II.
(Roy; Boston, MA; September, 2006)

I'm sure that to some people, memories are indeed the proverbial priceless gem that can be brought out to examine and relive with positive connotations.

My memories give me nightmares for a week.

That's not precisely true, of course; some of my memories are wonderful. It's just that most of the good ones gleaned over the course of thirty years occurred after I was fourteen. It’s the years before then, though, that my mind is focusing on now as I sit alone in the study of the Boston penthouse that Addie and I have lived in for the past five years, wishing that I was a drinker. Conventional wisdom states that nothing helps tragedy like alcohol (until the next morning, anyway), but I can’t keep myself from holding true to a promise I made when I was just a kid that I would never drink.

Adelaide is in our bedroom crying. She doesn’t want my comfort; I caused every one of her tears.

It started out as a typical day. The team flew back to Boston early this morning after a two-week road trip. Although the stretch was highly successful (especially when you consider the roller coaster reputation of the Red Sox), we were instructed to report to Fenway for extra batting practice immediately after getting off the plane from Detroit. I was home at six o'clock, toting two suitcases and a dozen red roses for Addie. Because I can't read (a long, complex story unto itself), Ad and I leave "audio notes" on a tape player that sits on the kitchen counter, nestled between the toaster and the can opener and as inherently necessary. Sure enough, there was a fresh tape in it. Arranging the roses in a glass vase, I pressed the play button.

"Hello, my shortstop in shining armor." I smiled at the sound of Adelaide's sweet voice. "I'll be home around seven. Take a look at the newspapers on the counter. Another Gold Glove for Pentinicci?, Pentinicci Leads Sox to Fifth Victory in Six Games, Can Roy Pentinicci Make Those Who Called his Team the Dead Sox Apologize?, Roy Pentinicci Takes the Growl Out of the Tigers. I’m so proud! I'm thinking take-out for dinner tonight. I have a feeling it's going to be one of those days. See you at seven. I'm so glad you're home, Roy, and I have some wonderful news for you. Love you."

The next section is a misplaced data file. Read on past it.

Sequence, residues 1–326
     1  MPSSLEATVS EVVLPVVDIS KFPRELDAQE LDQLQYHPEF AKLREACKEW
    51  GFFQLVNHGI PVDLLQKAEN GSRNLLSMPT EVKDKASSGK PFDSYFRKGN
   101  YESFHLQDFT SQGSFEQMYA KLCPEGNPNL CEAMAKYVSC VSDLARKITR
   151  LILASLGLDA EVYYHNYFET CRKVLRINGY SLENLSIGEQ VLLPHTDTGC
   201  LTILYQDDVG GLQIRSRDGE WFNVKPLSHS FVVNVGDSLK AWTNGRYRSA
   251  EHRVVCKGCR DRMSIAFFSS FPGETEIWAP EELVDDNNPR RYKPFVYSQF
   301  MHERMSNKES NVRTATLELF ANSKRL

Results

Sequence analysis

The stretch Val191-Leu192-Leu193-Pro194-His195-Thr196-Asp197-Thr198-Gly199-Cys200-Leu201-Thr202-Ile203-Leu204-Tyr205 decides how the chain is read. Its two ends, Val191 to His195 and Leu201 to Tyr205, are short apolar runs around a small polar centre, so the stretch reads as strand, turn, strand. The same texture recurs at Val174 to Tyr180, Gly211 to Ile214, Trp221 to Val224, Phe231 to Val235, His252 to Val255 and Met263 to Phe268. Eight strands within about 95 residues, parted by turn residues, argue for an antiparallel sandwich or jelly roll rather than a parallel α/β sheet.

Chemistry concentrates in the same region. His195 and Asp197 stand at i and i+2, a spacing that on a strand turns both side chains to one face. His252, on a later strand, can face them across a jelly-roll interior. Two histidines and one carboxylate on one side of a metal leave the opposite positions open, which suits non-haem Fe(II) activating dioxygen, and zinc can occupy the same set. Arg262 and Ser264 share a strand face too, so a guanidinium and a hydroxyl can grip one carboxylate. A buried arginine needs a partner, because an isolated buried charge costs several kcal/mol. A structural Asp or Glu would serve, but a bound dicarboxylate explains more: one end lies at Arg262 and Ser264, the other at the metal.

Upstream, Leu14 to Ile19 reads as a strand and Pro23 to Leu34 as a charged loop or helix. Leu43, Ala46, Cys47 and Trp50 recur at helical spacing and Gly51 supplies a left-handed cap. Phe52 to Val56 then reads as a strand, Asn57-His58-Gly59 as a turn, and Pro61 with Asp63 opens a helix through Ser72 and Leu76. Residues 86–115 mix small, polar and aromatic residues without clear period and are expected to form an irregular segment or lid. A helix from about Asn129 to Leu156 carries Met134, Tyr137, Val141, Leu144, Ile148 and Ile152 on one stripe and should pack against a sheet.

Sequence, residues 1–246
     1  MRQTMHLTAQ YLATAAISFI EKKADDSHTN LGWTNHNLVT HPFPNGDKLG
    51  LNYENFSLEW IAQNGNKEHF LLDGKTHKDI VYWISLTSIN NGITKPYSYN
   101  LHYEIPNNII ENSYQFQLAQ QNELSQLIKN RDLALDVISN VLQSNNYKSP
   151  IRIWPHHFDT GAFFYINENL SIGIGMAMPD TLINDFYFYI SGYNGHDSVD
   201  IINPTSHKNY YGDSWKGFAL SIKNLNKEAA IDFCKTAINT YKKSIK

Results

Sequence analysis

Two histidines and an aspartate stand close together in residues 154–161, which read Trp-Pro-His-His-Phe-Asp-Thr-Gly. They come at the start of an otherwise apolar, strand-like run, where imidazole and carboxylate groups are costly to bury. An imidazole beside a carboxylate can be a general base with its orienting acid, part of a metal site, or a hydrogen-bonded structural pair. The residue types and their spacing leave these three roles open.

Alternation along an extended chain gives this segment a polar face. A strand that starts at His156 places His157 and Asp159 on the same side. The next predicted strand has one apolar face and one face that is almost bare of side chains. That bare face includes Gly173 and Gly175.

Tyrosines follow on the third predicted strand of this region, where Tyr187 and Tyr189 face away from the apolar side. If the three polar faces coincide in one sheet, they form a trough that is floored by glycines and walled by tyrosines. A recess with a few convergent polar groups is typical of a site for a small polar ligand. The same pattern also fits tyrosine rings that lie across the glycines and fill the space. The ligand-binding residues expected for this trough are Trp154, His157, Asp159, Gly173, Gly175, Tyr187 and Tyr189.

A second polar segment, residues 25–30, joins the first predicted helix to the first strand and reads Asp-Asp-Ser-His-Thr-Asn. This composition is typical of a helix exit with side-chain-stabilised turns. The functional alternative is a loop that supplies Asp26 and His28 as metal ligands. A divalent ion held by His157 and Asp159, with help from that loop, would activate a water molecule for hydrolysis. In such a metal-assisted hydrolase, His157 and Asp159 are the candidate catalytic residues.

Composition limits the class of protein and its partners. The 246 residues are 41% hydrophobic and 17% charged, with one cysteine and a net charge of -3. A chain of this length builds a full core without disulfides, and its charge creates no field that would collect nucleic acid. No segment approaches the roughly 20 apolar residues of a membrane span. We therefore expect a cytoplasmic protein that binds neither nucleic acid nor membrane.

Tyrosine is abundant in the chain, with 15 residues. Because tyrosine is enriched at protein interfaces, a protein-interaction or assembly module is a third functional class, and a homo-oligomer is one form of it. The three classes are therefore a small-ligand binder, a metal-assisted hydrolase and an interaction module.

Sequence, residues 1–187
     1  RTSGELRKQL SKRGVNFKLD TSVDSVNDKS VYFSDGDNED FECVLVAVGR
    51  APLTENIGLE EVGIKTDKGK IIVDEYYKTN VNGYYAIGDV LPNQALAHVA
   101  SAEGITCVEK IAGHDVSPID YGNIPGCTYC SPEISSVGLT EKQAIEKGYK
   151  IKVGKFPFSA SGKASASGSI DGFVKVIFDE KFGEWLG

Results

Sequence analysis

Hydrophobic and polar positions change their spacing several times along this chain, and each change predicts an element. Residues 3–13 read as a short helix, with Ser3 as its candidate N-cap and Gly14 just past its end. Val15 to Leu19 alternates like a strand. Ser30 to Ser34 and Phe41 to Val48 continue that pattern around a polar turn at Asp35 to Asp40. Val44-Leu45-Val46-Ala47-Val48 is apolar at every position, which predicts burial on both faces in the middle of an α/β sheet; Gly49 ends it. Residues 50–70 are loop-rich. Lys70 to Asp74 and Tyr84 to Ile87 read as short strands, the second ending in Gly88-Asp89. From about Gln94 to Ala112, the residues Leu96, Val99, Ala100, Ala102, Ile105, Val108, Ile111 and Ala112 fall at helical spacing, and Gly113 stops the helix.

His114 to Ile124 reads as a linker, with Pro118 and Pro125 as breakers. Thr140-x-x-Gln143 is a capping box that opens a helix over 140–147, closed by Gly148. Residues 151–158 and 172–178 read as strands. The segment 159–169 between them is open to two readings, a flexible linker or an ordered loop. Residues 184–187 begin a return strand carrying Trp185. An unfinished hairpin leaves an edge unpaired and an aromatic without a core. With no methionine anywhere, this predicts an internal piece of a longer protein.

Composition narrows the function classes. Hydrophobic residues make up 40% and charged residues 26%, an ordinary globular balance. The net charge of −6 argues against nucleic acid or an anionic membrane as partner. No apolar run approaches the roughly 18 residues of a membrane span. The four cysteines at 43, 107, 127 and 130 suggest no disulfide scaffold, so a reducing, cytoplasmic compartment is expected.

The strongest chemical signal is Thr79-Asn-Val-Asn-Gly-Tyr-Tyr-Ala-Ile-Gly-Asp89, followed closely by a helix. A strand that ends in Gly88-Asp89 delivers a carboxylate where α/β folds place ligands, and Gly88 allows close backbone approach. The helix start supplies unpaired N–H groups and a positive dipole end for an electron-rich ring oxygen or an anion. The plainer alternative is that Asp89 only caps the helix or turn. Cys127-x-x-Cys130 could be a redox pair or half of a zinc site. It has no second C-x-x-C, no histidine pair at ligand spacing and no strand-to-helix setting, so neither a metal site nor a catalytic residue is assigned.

I picked up the newspapers on the counter, bemused as always with the media's obsession with me. I was named People's "Sexiest Athlete Alive" last year, an occurrence that tickled Adelaide as much as it embarrassed me. I hadn't wanted celebrity, hadn't asked for it, but somehow or other, it had happened. Addie's brother Christian, my closest friend since we were five years old, jokes that I was born for the spotlight, but we all know it's just teasing. My personality is unquestionably extroverted and I’ve been known to be somewhat vain about my looks (to quote Adelaide, "Roy spends more time in front of the mirror than I do"), but inside, there is someone to whom celebrity is impossible, unattainable, unimportant, insignificant. I stared at the head shot accompanying the article discussing my Gold Glove candidacy; it was unmistakably me, hat askew, go-to-hell grin on my face, but I wondered if anyone could look at that picture, see through the windows of my eyes and glimpse the demons that lurk beyond, the darkness that plagues my nights.

I had forty-five minutes before Adelaide was due home from her thankless yet somehow fulfilling job as a social worker for the city of Boston, so I went upstairs to unpack and shower. After ordering pizza then throwing on jeans and a T-shirt, I put on a Simon and Garfunkel CD and dozed on the couch.

When Addie's keys jingled in the lock, I rose to meet her. "Hey, gorgeous, long time no see," I said softly.

She dropped her briefcase and ran to me. "I missed you so much!"

I was lost in her, the sweet, spicy smell of her tanned, flawless skin against mine, an overwhelming feeling of completeness. I'd known Adelaide since she was three years old, but I don't know when it was that I realized I loved her. Even when I went through the notorious stud phase (the object of which is to see how many notches you can get on your belt), she just waited for me to see what had been in front of my face all along.

"So how’s life in the big city?" I murmured against her hair.

“Amazing for me, heartbreaking to hundreds of kids."

“Why do you do it?”

She smiled, and it erased the exhaustion from her eyes. “Because I love it.”

“Because you love it?”

She countered, “Why do you chase a ball around? Hit it with a stick?”

“Hmm,” I said. “Because I love it.”

“Because you love it?” She hung her keys on the designated hook and dug her cell out of her purse.

“Who you calling?”

“Pizza.” Like me, she had the local delivery place on speed dial.

“Already ordered. It should be here any minute.” When the buzzer rang, I pressed the intercom button and said, “Be right down.”

“I’ll go,” Addie said even as I stepped into my well-worn Nikes. I knew she’d offer, just as I knew she expected me to insist, like the nights we’d be in bed and she’d mention a hankering for the pint of Ben and Jerry’s downstairs in the freezer. She’d say she’d wait until the next commercial if we were watching television, and I’d end up running downstairs to get it.